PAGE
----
Going to Court


Restraining Orders | Meet and Confer | Telephonic Hearings

Learn more about the child support process on the day of a court hearing. Click HERE to watch the new Child Support Informational Video Series "Going to Court."

This section provides an overview of the child support court process and addresses most common questions and concerns.

Both parents will be notified of their assigned court date by phone, through the mail and/or by personal service. Some cases can be settled without having to go to court. If parties would like to settle their case without going to court, they should contact DCSS well in advance of the scheduled court date. If the case cannot be settled, parties will need to appear for the scheduled court hearing.

What to Bring

If the case involves determining what amount to pay for support, then you must file a completed Income and Expense Declaration (FL150) with the court and serve it on DCSS and all other parties to the action. You must also attach the following:

  • Your prior year’s W-2 and last two months paycheck stubs or,
  • Year-to-date profit-and-loss statement and your IRS 1040 tax returns (with Schedule C or C-EZ) filed with the IRS the last two years if self-employed or are an independent contractor

The following information may also be helpful at your hearing:

  • Proof of health insurance costs
  • Proof of child care and/or uncovered medical expenses
  • Proof of support you pay in another case
  • Proof of disability and/or disability benefits, if applicable
  • Proof of incarceration and/or current rehabilitation status, if applicable
  • Proof of timeshare (time you spend with the child(ren))
  • Proof of custody, if applicable

Please understand that your Income and Expense Declaration, proof of income and anything you would like the court to consider must be filed with the Court and served on the DCSS and all other parties in the action prior to your scheduled court hearing.

If you reside out of state or in Northern California or you are disabled, it may be possible to participate in the court hearing by telephone. Click here for information about telephonic hearings.


The use of public transportation is highly encouraged. Parking is not provided by DCSS and can be expensive in the downtown area. Due to time considerations, it is recommended that metered parking spaces not be used.

Checking In

If the court hearing is scheduled at the downtown San Diego Courthouse (220 W. Broadway, San Diego, CA 92101), check in with DCSS at the 5th floor customer service window before going to court for your scheduled hearing.

If the hearing is scheduled at the North County Courthouse (325 S. Melrose, Vista, CA), check in with DCSS at our office located in the traffic court annex of the court complex. The annex is located next to the law library. Proceed through traffic court annex and turn right down the hallway, exiting through the set of double doors. Once through the double doors, follow the signs to the DCSS office.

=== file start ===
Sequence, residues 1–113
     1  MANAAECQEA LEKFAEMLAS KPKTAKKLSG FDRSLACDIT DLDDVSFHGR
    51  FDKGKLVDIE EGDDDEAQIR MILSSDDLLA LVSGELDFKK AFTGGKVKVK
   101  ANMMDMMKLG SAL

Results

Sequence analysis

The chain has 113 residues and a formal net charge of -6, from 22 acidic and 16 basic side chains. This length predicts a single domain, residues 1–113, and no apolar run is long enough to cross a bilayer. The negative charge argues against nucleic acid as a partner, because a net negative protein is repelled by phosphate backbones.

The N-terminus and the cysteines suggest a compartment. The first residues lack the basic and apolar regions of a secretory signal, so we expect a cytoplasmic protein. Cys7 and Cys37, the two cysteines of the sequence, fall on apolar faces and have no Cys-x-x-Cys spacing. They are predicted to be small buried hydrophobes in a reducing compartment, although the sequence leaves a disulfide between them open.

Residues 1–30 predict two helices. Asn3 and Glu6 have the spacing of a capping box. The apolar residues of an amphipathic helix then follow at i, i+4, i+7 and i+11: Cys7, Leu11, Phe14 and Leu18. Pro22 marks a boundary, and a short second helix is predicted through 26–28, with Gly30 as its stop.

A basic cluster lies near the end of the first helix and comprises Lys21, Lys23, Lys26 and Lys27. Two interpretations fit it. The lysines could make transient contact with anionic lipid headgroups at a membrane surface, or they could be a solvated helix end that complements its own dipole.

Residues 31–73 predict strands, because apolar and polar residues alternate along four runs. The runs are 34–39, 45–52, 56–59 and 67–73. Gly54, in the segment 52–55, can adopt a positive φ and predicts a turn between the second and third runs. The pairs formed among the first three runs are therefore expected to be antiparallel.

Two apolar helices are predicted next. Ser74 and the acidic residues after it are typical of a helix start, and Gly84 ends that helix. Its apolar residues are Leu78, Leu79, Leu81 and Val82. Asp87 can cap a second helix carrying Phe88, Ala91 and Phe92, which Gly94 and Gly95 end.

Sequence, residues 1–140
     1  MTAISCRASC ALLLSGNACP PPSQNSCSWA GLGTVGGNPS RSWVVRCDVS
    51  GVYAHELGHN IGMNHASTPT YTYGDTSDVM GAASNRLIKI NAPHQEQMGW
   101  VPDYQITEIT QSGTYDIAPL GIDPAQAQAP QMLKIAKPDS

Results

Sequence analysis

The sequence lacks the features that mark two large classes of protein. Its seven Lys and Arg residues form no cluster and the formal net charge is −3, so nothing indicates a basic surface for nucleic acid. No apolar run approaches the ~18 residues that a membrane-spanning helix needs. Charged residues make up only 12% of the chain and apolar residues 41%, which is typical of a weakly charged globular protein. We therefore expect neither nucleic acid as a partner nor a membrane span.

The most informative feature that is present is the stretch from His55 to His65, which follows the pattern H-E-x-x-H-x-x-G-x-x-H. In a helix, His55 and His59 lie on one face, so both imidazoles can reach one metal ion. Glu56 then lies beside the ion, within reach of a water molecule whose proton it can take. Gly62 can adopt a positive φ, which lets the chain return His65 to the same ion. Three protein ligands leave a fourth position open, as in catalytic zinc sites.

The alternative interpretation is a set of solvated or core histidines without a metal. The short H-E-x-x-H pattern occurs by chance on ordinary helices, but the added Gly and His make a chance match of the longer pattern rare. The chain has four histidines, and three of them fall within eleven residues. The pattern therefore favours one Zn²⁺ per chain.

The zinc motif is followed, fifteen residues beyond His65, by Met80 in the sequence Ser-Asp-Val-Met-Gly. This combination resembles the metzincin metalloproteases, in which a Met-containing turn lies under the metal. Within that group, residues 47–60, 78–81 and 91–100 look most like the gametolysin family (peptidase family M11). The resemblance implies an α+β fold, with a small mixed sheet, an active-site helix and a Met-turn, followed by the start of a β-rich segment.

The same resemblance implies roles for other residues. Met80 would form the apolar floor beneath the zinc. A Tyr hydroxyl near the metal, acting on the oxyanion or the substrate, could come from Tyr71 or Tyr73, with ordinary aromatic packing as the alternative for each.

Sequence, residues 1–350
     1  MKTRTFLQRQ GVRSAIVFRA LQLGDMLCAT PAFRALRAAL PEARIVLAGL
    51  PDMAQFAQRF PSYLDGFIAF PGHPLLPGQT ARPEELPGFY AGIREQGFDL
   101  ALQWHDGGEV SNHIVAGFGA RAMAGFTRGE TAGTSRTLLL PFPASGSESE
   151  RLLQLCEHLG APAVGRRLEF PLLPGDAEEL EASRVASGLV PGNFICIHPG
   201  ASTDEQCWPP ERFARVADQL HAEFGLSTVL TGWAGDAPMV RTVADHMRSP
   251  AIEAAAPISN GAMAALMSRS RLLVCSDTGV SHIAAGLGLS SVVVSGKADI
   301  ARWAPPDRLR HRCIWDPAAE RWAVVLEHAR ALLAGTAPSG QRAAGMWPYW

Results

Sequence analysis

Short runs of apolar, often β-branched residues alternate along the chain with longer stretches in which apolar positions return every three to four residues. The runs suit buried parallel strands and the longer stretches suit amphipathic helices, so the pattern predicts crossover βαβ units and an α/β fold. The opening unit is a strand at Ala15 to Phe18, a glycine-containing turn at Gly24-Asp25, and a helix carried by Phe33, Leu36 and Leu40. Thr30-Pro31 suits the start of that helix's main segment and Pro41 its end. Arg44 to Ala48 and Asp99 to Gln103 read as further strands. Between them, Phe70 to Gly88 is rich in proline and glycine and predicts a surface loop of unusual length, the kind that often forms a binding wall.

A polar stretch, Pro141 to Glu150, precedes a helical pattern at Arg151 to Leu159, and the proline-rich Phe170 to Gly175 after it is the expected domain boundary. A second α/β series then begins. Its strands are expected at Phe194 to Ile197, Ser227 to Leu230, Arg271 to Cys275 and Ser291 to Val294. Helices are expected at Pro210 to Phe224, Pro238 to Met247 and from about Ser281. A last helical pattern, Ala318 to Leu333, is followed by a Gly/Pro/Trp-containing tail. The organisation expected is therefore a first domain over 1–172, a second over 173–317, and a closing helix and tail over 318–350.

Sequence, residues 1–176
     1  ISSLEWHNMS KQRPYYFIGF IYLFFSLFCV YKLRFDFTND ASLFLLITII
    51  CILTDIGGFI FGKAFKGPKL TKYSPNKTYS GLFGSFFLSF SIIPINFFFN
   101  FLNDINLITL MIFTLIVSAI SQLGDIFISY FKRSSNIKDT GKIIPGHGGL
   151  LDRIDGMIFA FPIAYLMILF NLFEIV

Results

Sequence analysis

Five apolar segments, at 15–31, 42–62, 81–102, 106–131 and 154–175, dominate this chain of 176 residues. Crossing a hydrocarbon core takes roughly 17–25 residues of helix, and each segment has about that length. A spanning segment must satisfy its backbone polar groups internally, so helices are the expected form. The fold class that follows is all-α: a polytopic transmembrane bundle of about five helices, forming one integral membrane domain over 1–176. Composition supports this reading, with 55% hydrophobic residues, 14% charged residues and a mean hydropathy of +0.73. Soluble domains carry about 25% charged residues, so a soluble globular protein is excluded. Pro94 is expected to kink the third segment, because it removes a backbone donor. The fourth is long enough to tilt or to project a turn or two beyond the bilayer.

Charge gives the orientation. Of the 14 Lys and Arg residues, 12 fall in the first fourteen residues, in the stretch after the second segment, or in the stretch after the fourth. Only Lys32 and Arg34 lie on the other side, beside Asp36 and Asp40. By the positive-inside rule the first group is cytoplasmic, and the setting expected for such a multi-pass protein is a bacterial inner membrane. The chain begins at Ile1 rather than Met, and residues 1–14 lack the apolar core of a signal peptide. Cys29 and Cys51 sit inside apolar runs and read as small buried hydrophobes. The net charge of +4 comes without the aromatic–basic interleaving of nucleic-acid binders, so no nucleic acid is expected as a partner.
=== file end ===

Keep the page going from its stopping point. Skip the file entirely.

Parties should check-in at 8:00 am for morning hearings and at 12:45 pm for afternoon hearings (NOTE: check-in for afternoon hearings scheduled in North County begins at 1:00 p.m.). When you arrive, inform the customer service representative that you are checking-in for a court hearing. You will be handed a Declaration of Facts information sheet to complete before meeting with a representative. Have a seat in the waiting area to wait for your name to be called. During your wait, you will have an opportunity to watch a video explaining the court process in more detail.

Wait and meet times will vary. Factors that can affect wait time are the number of cases scheduled for hearings that day, whether or not a case requires the other parent’s presence, and the complexity of the case issues. Plan on blocking out either the entire morning or the entire afternoon on the day of your hearing, depending on when your hearing is scheduled.

Restraining Orders

If restraining orders are in effect or there is a past history of domestic violence involving the other party, please let us know when checking in for your hearing and indicate this on the Declaration of Facts form. If necessary, arrangements can be made to meet with each party separately.

Meet and Confer

The court requires the parties meet with a DCSS representative to discuss your case before going to court for the hearing. If an attorney represents either party, that attorney must be present.

During the meeting, the DCSS representative will talk with the parents to review the case. Relatives and friends cannot take part in the meeting. However, limited exceptions can be made such as when a third party is acting as an interpreter.